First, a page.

KOLKATA, INDIA - India's Election Commission cut off campaigning early in the eastern state of West Bengal on Thursday after days of clashes in the final stretch of the country's marathon elections, a drastic and unprecedented action in the world's largest democracy.
The three-member body said that “growing incidents of disruption and violence” were creating a “fear psychosis” among voters, and ordered campaigning to cease by 10 p.m., a day before it had been scheduled to end.
The commission is invoking for the first time Article 324 of the Indian Constitution, which gives it powers over India's Parliament and state lawmakers to conduct free and fair elections.
“But it may not be the last in cases of repetition of lawlessness and violence,” Chandra Bhushan Kumar, a deputy election commissioner, told reporters Wednesday.
Nine parliamentary constituencies vote Sunday in the seventh and last round of India's staggered, weekslong national election, which has been a highly acrimonious campaign that has seen Modi blame opposition parties for the country's ills.
They occupy only 25 per cent of the work force, less than 12 per cent of parliamentary seats, a backseat in many homes dominated by patriarchal voices, but in one significant area Indian women have emerged on par with men: at polling booths. That has made political parties sit up and take notice in a country where a slim margin can make the difference between victory and defeat.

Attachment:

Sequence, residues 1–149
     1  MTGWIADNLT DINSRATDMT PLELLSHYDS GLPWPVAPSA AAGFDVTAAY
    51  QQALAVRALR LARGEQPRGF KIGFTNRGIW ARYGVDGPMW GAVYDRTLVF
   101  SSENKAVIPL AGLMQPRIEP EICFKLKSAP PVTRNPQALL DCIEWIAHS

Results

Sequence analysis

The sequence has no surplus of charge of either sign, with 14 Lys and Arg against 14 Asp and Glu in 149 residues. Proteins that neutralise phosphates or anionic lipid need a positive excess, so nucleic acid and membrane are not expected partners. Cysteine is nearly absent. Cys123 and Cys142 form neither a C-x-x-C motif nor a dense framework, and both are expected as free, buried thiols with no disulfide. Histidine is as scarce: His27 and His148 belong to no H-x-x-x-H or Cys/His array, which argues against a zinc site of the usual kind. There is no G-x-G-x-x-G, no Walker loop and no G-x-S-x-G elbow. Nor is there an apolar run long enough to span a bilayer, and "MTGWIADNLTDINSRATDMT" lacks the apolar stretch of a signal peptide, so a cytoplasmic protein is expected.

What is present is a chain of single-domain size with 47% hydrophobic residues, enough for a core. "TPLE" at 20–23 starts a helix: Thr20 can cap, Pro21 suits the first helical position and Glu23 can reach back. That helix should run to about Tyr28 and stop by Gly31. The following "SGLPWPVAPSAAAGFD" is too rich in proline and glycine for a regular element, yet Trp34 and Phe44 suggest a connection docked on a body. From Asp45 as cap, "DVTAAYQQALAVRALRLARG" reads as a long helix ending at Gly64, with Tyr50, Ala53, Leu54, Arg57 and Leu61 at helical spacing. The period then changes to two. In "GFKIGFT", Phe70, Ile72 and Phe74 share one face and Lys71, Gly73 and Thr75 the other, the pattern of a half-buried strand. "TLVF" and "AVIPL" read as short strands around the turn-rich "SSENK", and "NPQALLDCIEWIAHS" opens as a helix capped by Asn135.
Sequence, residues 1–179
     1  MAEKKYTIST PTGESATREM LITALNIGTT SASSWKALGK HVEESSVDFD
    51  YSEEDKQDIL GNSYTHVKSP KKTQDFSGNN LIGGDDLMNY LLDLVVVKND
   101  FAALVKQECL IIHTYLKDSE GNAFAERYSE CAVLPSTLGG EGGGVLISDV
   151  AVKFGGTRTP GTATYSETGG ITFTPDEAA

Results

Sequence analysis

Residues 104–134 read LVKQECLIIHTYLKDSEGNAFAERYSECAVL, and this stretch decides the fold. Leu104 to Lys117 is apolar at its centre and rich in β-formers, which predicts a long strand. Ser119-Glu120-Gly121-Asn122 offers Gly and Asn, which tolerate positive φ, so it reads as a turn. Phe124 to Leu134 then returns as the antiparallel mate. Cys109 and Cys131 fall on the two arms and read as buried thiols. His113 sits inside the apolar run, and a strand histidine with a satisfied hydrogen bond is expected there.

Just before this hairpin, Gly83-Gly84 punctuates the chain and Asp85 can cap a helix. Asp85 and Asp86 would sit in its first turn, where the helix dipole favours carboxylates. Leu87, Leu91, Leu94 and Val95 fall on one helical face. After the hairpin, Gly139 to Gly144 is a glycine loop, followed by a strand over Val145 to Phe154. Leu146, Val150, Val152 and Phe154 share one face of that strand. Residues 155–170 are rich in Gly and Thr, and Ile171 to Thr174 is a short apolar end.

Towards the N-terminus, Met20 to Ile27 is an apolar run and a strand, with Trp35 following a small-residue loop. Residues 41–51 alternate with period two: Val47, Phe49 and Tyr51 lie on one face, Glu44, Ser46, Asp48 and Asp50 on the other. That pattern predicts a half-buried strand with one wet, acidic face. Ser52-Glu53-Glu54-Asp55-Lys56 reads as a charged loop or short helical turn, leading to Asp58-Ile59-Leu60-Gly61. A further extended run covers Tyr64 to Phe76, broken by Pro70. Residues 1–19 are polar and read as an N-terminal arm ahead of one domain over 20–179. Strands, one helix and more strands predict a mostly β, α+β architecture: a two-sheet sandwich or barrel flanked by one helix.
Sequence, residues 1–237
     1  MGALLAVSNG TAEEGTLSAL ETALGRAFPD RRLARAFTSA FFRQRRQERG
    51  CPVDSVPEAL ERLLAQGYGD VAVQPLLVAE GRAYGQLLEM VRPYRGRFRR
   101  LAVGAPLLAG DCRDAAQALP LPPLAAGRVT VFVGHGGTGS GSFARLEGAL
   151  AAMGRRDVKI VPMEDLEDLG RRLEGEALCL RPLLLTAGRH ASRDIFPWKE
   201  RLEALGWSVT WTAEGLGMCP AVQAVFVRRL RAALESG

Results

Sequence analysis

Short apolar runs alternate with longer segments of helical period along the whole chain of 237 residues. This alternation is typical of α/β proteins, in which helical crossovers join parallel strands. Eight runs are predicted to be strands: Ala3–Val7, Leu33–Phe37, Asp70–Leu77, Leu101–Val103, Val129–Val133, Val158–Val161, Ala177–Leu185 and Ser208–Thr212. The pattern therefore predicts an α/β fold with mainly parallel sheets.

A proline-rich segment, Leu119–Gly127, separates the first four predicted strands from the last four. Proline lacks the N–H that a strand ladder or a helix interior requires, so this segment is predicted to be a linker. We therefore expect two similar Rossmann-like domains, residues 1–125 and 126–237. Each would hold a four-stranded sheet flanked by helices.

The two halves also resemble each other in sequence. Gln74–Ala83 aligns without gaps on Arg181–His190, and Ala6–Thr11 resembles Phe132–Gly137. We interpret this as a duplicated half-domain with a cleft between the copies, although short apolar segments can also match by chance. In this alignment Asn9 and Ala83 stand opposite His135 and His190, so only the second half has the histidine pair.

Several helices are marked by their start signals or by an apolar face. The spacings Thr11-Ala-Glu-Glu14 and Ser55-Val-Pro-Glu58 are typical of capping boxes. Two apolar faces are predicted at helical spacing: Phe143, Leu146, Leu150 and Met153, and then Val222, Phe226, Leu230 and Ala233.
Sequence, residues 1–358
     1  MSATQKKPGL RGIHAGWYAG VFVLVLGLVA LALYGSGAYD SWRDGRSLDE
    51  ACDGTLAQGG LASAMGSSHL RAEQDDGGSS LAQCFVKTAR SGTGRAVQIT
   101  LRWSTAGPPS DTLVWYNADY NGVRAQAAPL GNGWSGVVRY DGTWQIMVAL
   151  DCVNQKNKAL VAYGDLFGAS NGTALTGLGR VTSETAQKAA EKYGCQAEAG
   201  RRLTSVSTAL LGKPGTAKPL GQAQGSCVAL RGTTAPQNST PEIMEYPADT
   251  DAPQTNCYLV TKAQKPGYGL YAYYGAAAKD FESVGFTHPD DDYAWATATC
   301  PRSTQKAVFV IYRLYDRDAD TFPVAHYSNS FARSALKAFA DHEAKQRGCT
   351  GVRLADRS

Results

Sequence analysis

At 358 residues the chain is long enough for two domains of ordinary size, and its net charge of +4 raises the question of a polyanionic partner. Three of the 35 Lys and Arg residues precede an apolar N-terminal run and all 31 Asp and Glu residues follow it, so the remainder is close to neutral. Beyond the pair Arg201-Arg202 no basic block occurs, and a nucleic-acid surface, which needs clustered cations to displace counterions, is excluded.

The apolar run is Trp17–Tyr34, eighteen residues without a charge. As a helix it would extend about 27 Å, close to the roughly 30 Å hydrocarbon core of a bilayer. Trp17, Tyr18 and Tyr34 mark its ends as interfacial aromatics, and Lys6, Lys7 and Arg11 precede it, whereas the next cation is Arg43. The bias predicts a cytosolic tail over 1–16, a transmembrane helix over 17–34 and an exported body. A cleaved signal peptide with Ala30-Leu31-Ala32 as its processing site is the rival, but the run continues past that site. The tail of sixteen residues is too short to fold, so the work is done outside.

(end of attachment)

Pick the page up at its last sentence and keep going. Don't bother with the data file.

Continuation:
To mark women’s empowerment, the Election Commission set up hundreds of “pink booths” in the country during the five-week general election that wraps up Sunday.
On Tuesday, rival political supporters fought with sticks and rocks during a rally for India's ruling Bharatiya Janata Party, which is trying to wrest seats from Trinamool Congress, a powerful regional party that currently governs West Bengal.
Violence was also reported in the state during last Sunday's polls.
Normally campaigns run up to 48 hours before polls open, according to Indian law.
Both Modi and Mamata Banerjee, West Bengal's chief minister, were holding last-minute campaign events Thursday.
In the state's capital, Kolkata, supporters of Banerjee's TMC held party flags and colorful balloons while waiting for her to arrive for her fourth event of the day.
Police struggled to control traffic and crowds, but the atmosphere was festive.
Banerjee planned to lead a 15-kilometer (9-mile) march along a road lined with dozens of loudspeakers.
Construction contractor Biswajit Paik wore a white garment with images of a Hindu temple, a mosque and a church, which he said symbolized that Banerjee “is for all faiths, all people.”
Modi held a rally near the airport.